Companies and industrialised countries were being reckless and colonialistic in demanding access to the raw materials required for such a transformation. The industrialised countries were asserting their right to these raw materials, with the EU, China and the United States vying for the best access. For example, the European Commission had just referred Indonesia to the World Trade Organization (WTO) for a nickel export ban introduced by that country’s government. The aim of the Indonesian government here was to boost Indonesian companies’ share in the production chain – which was, according to Helmut, clearly an entirely legitimate industrial policy stance on its part.

When negotiating free trade agreements, EU negotiators, for example, had always sought to avoid the collection of export duties by trade partners. This could currently be seen, for instance, in the negotiations between the EU and Chile, with the European Commission arguing that access to lithium in Chile was particularly important for the EU, especially in the face of competition from China. All of this made it even more vital to now pass European due diligence legislation relating to the supply chain, placing the focus on compliance with human rights and environmental standards, because something must be done to dampen the prevailing Gold Rush-like tendency towards the mining of raw-material resources, e.g. for the construction of wind turbines.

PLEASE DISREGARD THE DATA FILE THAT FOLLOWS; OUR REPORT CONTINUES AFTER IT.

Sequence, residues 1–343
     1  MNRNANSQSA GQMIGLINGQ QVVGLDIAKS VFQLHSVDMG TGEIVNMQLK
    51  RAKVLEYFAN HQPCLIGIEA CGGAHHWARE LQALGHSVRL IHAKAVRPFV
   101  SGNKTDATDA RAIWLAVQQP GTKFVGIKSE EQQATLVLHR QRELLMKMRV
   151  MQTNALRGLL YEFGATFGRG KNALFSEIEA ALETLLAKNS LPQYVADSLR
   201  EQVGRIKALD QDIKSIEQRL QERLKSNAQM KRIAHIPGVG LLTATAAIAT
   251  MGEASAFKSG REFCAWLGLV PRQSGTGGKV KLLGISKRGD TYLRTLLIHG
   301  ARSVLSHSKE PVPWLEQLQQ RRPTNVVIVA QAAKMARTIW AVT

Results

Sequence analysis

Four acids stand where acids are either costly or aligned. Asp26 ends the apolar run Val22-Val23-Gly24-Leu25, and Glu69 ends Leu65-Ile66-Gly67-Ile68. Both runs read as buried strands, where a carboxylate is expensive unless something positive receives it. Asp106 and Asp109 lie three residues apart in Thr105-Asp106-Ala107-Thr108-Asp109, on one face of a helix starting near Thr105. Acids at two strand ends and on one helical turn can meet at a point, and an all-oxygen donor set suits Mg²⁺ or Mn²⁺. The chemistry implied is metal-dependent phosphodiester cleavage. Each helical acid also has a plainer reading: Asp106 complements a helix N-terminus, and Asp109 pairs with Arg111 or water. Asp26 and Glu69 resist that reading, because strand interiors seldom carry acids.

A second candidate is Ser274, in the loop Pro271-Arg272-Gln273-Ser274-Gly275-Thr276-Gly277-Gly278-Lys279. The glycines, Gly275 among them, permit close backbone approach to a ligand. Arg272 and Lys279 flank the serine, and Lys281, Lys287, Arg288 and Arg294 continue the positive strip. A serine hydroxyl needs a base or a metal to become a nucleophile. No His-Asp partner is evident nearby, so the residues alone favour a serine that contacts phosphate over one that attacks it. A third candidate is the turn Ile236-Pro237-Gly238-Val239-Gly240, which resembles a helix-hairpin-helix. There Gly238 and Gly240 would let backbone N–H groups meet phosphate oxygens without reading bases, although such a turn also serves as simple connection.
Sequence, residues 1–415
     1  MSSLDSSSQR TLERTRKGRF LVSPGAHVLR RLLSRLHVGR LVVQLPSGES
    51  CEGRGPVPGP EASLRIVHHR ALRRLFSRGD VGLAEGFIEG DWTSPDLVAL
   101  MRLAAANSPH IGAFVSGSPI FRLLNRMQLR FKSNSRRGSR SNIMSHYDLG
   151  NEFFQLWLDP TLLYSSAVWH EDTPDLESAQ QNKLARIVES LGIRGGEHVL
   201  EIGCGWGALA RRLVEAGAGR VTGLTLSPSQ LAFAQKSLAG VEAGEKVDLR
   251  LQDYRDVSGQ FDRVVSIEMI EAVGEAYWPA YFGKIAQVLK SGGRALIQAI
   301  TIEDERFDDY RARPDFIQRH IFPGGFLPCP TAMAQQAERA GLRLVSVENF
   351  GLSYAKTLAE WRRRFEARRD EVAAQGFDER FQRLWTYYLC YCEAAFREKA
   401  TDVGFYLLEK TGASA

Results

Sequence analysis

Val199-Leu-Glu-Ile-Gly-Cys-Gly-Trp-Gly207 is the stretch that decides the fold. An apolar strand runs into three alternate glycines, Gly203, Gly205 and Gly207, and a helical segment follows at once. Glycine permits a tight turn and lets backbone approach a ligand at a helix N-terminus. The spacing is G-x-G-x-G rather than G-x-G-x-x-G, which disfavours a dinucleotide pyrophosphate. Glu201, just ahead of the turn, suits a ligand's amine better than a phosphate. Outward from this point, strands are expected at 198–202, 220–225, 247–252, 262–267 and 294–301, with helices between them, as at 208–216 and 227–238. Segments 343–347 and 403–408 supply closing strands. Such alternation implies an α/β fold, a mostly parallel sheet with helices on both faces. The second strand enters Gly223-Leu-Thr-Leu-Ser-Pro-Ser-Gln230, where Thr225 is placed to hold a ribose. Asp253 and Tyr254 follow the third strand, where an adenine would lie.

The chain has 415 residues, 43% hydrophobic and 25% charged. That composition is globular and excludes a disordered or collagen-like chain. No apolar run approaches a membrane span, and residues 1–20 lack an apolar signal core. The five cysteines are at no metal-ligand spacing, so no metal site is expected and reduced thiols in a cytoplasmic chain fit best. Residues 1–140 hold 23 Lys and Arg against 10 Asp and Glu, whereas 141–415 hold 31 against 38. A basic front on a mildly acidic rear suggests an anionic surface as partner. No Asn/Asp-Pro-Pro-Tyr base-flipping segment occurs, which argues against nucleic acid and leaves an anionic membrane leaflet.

Thus the EU-MERCOSUR trade agreement was likely to facilitate European companies’ access to raw materials in Argentina, Paraguay, Brazil and Uruguay and to increase overexploitation in the mines. All 17 UN Sustainable Development Goals (SDGs) must be implemented by 2030, and the EU must not achieve its goals at the expense of other parts of the world. The COVID-19 pandemic alone showed these various regions’ interdependency and how important global initiatives were for green economic activity. Poverty affected the majority of the world’s population, making it essential to ensure universal access to education, healthcare, housing and decent work. This also implied that Europe could not require the rest of the world to stop production, meaning that inclusive growth or even degrowth was all the more vital. Helmut rounded off by making the point that new partnerships between regions could also help to electrify parts of our economy, namely by generating renewable energy and green hydrogen.

Melisa Argento from the University of Buenos Aires (Argentina) explained that many parts of the Lithium Triangle (Argentina, Bolivia and Chile) lived off tourism and also mining. The population groups and communities affected by lithium mining had long highlighted its negative ecological impacts and had seen their rights violated: no consultations had been held with local residents before the start of such mining, which had led to the further salinisation of freshwater. An aggressive strategy of mining for components for electric vehicles and the electronics sector had been a problem for years, but now what could only be described as ‘lithium fever’ had broken out, resulting in completely unfettered mining of this raw material.